Questions From Readers
What does having “life in himself” mean?
“Just as the Father has life in himself,” stated Jesus, “so he has granted also to the Son to have life in himself.” Prior to making this remarkable statement, Jesus said: “Most truly I say to you, He that hears my word and believes him that sent me has everlasting life . . . The hour is coming, and it is now, when the dead will hear the voice of the Son of God and those who have given heed will live.” Here Jesus was referring to an extraordinary power bestowed upon him by the Father—the ability to give humans a fine standing before God. Moreover, Jesus is able to resurrect those sleeping in death and to impart life to them. For Jesus, having “life in himself” means that he is granted these powers. Like the Father, the Son also has “in himself the gift of life.” (John 5:24-26; footnote) What about his followers?
About a year later, Jesus addressed his listeners, saying: “Most truly I say to you, Unless you eat the flesh of the Son of man and drink his blood, you have no life in yourselves. He that feeds on my flesh and drinks my blood has everlasting life, and I shall resurrect him at the last day.” (John 6:53, 54) Here Jesus equates having “life in yourselves” with gaining “everlasting life.” Expressions with the same grammatical construction as having “life in yourselves” are found elsewhere in the Greek Scriptures. Two examples are, “Have salt in yourselves” and “receiving in themselves the full recompense.” (Mark 9:50; Romans 1:27) In these instances, the phrases do not signify power to bestow salt on others or to mete out recompense to anyone. Rather, internal completeness, or fullness, is indicated. Thus, the expression “life in yourselves” used at John 6:53 simply means entering into the very fullness of life.
With reference to his followers as having life in themselves, Jesus mentioned his flesh and his blood. Later, when instituting the Lord’s Evening Meal, Jesus again spoke about his flesh and blood and directed his followers who would be taken into the new covenant to partake of the emblems of unleavened bread and wine. Does this mean that only anointed Christians, who are in the new covenant with Jehovah God, enter into such fullness of life? No. The two occasions were a year apart. Those who heard Jesus’ words recorded at John 6:53, 54 had no knowledge of an annual observance with emblems representing Christ’s flesh and blood.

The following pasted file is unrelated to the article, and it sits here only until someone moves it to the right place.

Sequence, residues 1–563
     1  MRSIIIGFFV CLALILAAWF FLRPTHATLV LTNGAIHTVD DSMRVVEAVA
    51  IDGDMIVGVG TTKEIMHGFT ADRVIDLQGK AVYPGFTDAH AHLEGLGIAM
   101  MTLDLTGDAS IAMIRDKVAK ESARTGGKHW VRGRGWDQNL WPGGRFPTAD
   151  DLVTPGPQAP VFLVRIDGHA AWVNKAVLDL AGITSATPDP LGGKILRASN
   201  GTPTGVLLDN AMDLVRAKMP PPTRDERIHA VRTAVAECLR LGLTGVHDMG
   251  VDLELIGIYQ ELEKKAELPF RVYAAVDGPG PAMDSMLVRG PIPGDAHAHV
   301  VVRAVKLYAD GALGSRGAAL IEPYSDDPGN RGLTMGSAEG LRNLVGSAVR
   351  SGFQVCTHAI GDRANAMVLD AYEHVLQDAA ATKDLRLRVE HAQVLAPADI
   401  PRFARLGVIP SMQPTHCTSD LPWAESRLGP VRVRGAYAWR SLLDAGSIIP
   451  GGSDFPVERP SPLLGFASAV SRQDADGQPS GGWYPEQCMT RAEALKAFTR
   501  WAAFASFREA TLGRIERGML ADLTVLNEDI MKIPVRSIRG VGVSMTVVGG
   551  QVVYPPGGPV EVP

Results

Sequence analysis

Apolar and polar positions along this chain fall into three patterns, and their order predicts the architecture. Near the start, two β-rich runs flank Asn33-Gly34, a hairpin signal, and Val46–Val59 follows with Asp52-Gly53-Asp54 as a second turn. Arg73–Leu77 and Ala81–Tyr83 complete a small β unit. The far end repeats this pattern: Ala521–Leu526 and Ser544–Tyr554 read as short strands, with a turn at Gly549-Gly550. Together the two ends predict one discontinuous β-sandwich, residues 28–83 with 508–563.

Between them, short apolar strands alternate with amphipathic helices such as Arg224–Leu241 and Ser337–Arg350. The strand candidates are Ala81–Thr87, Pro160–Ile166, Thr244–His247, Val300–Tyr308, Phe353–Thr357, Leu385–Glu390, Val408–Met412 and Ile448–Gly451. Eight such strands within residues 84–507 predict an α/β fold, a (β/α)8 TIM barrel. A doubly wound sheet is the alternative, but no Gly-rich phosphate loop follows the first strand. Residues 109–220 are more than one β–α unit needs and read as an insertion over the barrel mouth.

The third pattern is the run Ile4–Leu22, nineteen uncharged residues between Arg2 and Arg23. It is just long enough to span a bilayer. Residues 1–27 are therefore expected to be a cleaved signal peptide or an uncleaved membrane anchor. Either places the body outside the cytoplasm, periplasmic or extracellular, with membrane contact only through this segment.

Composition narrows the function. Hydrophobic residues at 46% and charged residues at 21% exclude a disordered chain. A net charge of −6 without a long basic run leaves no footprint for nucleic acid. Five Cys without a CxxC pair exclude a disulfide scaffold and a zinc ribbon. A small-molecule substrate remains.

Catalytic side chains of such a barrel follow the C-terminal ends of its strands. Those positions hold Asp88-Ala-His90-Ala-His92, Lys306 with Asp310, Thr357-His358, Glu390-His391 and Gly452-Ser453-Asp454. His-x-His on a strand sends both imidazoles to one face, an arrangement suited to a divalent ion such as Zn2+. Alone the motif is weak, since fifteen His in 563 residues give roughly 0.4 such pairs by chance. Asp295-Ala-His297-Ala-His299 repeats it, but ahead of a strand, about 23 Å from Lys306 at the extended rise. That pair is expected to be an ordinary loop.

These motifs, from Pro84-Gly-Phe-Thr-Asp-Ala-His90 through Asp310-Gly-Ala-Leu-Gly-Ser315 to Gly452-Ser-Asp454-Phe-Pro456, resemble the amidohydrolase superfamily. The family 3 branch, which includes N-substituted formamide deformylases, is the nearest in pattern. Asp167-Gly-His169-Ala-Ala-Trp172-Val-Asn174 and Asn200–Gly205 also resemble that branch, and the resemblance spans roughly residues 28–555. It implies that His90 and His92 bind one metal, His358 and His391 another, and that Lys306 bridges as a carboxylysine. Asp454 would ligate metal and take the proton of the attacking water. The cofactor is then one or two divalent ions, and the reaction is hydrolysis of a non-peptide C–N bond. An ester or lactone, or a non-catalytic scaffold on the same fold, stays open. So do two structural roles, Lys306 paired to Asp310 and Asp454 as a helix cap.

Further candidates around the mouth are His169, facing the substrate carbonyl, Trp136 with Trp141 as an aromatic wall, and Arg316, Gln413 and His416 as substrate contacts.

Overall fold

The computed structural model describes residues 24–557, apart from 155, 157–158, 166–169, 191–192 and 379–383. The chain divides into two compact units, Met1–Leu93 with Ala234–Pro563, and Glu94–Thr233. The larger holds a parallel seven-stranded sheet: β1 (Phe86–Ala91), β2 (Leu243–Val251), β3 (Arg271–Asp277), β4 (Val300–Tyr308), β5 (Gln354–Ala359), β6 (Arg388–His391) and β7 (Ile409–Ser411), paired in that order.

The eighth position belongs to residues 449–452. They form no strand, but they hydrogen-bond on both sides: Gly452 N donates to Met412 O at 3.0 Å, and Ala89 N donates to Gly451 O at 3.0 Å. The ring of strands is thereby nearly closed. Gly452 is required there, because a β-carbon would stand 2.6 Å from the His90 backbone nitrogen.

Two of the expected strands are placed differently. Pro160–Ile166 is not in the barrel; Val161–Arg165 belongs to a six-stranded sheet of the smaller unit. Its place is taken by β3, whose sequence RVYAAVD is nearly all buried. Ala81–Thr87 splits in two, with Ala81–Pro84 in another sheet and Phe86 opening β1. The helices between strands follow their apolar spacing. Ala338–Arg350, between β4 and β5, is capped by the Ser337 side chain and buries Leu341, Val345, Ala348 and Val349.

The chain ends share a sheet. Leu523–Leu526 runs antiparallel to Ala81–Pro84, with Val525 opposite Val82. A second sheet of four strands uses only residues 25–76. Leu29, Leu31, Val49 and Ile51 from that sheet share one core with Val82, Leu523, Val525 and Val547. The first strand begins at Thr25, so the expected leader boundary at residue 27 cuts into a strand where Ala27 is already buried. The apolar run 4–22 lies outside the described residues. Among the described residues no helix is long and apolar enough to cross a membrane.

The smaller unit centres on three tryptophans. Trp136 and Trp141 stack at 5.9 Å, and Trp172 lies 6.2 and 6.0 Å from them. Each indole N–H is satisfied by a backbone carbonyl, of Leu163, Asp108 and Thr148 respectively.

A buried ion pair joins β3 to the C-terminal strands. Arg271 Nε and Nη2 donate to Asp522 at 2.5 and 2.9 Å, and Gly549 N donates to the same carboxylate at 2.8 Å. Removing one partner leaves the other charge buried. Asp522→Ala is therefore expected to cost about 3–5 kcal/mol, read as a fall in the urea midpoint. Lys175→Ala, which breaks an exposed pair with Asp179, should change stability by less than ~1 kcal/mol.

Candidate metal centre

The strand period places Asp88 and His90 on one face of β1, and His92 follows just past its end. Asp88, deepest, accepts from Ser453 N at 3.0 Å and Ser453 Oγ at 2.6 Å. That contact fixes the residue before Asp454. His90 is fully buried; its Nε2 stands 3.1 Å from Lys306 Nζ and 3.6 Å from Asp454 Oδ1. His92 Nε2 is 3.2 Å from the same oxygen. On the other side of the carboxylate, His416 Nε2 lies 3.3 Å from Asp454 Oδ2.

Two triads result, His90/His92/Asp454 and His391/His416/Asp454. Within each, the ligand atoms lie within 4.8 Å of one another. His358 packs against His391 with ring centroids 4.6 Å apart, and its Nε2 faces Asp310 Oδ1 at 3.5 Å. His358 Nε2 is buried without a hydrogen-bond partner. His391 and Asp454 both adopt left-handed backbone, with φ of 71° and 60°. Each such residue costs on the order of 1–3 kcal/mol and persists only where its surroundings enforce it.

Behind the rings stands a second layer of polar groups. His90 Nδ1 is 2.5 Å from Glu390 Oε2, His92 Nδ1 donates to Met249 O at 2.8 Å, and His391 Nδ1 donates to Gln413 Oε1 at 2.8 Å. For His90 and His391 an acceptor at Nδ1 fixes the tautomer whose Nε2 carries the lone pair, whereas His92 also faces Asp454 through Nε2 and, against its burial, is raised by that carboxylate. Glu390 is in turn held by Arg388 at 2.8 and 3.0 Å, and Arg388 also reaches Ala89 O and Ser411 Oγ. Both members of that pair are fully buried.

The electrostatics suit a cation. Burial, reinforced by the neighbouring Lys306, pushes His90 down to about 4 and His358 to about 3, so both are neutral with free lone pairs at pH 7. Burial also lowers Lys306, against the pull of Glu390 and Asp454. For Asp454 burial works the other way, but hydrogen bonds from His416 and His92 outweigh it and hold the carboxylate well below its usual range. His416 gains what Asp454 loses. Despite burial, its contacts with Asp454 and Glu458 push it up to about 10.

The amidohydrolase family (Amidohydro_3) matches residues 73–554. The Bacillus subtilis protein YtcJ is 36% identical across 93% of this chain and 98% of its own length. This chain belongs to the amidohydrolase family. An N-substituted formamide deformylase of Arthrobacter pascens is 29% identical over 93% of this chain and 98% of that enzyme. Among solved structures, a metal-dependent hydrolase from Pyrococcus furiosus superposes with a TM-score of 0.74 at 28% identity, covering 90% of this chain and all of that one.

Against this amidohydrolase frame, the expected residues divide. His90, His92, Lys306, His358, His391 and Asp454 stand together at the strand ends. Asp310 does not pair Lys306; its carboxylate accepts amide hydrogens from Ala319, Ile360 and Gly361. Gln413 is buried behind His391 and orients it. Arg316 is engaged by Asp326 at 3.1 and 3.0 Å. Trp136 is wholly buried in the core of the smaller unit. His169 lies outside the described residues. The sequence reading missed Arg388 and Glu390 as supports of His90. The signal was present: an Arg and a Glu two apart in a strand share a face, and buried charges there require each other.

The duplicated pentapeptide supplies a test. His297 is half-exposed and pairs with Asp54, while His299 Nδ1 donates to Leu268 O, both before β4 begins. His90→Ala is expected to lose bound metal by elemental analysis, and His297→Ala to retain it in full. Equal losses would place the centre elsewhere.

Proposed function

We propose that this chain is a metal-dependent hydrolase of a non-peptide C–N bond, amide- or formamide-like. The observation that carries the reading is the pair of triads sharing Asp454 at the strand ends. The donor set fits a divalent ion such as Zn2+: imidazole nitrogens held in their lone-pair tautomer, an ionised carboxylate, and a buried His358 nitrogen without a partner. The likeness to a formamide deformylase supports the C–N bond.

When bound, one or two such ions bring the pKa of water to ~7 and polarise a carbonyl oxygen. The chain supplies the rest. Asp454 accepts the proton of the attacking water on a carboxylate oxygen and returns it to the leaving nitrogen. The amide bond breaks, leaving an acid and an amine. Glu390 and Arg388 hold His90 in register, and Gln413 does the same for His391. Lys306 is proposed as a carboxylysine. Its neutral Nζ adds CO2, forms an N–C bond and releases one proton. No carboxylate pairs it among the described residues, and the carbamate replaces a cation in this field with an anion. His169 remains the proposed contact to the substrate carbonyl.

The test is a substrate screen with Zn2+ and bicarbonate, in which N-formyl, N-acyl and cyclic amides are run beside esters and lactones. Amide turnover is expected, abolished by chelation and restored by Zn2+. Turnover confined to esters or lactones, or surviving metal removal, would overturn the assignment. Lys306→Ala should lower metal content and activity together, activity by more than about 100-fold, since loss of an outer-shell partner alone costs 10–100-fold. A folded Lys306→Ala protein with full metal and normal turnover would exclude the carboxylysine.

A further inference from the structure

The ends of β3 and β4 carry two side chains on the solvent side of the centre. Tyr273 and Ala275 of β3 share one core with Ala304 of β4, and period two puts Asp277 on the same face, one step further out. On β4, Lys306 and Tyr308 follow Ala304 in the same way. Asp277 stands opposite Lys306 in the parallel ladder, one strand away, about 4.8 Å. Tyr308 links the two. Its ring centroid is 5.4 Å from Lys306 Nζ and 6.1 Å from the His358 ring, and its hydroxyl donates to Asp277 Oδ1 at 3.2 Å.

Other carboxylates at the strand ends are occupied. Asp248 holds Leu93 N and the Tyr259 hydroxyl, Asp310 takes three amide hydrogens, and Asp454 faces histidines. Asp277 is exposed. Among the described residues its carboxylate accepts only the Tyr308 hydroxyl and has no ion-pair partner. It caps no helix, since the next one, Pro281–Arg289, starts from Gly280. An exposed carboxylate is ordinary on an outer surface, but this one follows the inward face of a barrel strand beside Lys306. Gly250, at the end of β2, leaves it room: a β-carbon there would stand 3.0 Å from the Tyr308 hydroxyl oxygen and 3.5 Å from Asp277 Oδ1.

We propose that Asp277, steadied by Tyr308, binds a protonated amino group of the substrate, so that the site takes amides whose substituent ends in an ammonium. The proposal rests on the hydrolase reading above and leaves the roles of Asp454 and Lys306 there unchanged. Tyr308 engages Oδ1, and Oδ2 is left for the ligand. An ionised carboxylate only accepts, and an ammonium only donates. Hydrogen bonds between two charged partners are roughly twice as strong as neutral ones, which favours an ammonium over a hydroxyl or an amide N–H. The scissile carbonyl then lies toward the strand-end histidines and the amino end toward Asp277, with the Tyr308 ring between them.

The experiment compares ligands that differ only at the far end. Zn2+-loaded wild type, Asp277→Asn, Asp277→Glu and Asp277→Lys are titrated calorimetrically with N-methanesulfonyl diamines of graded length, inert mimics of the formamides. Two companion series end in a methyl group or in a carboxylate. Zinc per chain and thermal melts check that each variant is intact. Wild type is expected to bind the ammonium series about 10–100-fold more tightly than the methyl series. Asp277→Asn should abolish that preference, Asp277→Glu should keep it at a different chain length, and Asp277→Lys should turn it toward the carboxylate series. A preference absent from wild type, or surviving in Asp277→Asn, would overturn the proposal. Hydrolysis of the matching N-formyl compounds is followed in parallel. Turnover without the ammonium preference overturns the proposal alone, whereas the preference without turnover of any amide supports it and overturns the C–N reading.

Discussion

According to John chapter 6, Jesus first compares his flesh to manna, saying: “Your forefathers ate the manna in the wilderness and yet died. This is the bread that comes down from heaven, so that anyone may eat of it and not die. I am the living bread that came down from heaven; if anyone eats of this bread he will live forever.” Jesus’ flesh, along with his blood, was greater than literal manna. How? In that his flesh was given for “the life of the world,” making everlasting life possible.* Hence, the statement about having “life in yourselves” at John 6:53 applies to all those receiving everlasting life—in heaven or on earth.—John 6:48-51.
When do Christ’s followers receive life in themselves, or enter into the fullness of life? For the anointed Kingdom heirs, this happens at their resurrection to heavenly life as immortal spirit creatures. (1 Corinthians 15:52, 53; 1 John 3:2) Jesus’ “other sheep” experience entry into the fullness of life after the end of his Thousand Year Reign. By then, they will have been tested, found faithful, and declared righteous for everlasting life in the Paradise earth.—John 10:16; Revelation 20:5, 7-10.
In the wilderness, both the Israelites and “a vast mixed company” needed manna to stay alive. (Exodus 12:37, 38; 16:13-18) Likewise, to live forever, all Christians, whether anointed or not, must avail themselves of the heavenly manna by exercising faith in the redeeming power of Jesus’ flesh and blood laid down in sacrifice.—See The Watchtower, February 1, 1988, pages 30-1.
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All true Christians can have ‘life in themselves’